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Montevideo, December 15th 2017 - 06:29 UTC

Wales and Galicia sign bilateral accord to minimize Brexit impact for fishing sector

Tuesday, November 21st 2017 - 09:27 UTC
Full article 4 comments
President of the Xunta Alberto Núñez Feijóo met with Prime Minister of Wales, Carwyn Jones. (Photo: Xunta de Galicia) President of the Xunta Alberto Núñez Feijóo met with Prime Minister of Wales, Carwyn Jones. (Photo: Xunta de Galicia)

Galicia and Wales intend to sign their own bilateral agreement to try to minimize the impact that Brexit will have and avoid damage to the fishing sector. The announcement was made by Galician president Alberto Núñez Feijoo, after having obtained a positive response to his invitation to the Welsh prime minister, Carwyn Jones.

 The objective of this agreement, to be signed in Santiago de Compostela, is to “guarantee cooperation” between Galicia and the United Kingdom and, in terms of fishing, “to maintain progress in common benefit”.

At the inaugural session of the Conference of Peripheral Maritime Regions held in Cardiff, the United Kingdom, Feijoo said that Galicia, Wales and other 200 maritime regions signed a statement in which they propose an “orderly Brexit” that takes into account the citizens' rights and the economic interests of the fishing regions.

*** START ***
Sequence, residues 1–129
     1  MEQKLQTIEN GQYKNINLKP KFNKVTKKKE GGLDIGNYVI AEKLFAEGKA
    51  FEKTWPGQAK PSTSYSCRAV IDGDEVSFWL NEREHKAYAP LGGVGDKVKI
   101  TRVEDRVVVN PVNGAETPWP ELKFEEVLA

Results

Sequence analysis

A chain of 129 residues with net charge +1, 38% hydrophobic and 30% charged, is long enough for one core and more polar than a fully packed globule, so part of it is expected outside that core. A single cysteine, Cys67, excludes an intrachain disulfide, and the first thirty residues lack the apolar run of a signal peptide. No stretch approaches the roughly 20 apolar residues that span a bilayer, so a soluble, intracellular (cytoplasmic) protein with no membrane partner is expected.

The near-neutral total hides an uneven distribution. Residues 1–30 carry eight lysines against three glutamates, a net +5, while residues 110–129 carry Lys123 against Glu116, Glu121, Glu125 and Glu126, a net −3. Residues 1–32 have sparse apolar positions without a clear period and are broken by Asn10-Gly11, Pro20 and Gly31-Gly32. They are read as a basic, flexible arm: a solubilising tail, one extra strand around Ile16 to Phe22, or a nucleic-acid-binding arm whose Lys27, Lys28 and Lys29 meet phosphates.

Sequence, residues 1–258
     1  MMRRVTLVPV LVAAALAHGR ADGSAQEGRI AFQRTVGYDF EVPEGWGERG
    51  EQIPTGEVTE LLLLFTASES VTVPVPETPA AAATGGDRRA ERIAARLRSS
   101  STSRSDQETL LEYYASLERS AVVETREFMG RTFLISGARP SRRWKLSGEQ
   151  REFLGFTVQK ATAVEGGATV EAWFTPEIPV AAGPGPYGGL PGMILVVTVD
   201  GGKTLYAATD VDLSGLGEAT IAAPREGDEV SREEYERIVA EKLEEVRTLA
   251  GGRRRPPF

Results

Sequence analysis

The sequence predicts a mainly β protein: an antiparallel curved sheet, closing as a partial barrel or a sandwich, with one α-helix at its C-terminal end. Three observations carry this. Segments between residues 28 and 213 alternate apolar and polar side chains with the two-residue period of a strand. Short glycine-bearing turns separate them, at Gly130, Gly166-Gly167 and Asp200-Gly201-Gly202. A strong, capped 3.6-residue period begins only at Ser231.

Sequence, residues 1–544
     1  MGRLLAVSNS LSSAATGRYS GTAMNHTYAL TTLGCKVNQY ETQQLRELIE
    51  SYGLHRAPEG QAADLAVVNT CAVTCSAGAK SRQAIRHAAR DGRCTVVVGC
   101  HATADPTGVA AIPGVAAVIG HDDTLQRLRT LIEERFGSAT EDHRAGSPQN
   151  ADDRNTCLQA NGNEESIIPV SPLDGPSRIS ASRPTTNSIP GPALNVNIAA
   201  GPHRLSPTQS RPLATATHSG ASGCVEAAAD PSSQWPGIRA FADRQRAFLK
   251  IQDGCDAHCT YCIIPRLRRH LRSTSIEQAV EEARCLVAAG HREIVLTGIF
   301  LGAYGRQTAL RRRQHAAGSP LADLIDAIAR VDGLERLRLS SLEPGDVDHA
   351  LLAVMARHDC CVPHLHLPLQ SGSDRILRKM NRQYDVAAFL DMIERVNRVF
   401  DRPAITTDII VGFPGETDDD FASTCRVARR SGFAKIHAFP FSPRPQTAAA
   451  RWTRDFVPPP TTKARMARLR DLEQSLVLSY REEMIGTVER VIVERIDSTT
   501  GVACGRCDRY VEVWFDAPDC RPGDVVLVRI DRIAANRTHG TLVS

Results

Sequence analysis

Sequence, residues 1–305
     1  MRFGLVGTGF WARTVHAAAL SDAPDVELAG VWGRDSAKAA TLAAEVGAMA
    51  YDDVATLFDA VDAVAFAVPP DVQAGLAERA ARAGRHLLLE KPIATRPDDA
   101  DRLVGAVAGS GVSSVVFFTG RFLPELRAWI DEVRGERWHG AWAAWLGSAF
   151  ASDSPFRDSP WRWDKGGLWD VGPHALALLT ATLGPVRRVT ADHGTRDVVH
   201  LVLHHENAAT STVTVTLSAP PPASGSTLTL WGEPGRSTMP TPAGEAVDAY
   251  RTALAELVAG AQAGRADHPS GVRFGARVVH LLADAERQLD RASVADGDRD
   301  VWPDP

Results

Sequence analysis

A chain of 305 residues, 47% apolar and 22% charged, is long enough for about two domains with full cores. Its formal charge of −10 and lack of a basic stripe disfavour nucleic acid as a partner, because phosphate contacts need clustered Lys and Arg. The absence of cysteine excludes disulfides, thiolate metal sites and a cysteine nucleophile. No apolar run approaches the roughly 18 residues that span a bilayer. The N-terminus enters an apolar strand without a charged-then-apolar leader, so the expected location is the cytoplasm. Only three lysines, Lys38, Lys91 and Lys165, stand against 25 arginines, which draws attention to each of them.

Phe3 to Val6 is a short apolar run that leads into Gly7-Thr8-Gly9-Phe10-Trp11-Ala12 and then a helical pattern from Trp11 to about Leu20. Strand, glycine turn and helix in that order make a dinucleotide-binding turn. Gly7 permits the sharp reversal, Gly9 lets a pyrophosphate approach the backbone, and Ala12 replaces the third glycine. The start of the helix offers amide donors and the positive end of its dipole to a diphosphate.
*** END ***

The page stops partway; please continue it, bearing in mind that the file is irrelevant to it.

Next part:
During his visit to Cardiff, the president of the Xunta met with the Chief Minister of Wales, Carwyn Jones, to finalize the signing of the agreement, which will take place in Santiago de Compostela.

”We need to project certainties,“ said the Galician president, and stressed that the British exit from the European Union should not involve the imposition of ”new borders“ for ”maritime resources.“

Fishing is a fundamental aspect for Galicia, and Fejóo was convinced that the most beneficial aspect for both parties ”is a pact that goes through an exchange of fishing-market mutual access.“

The head of the Galician Executive recalled that a hard Brexit ”could reduce the net benefit of the fleets of the continent by 50% and the crew members’ wages by 15%”. (FIS)

 

Categories: Fisheries, International.

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  • Ann Other

    Fishing in British waters would be a national decision not a regional one, if it cuts Spanish fishing down by 50% that sounds like good news for British fishermen. Brexit is about reclaiming sovereignty and not helping the Spanish overfish in British waters.

    Nov 21st, 2017 - 11:12 am +1
  • Clyde15

    What waters do Wales control in respect of fishing rights ?

    The bulk of the fishing waters in the UK are off the coast of Scotland and these are supposed to be part of the devolution agreement on leaving the EU....or are they ?

    Nov 21st, 2017 - 05:46 pm +1
  • Jolene

    The question is why is this piece appearing in Mercopenguin, a British government propaganda organ supposedly devoted to America, South America and the “South Atlantic”?

    Nov 22nd, 2017 - 04:09 am 0
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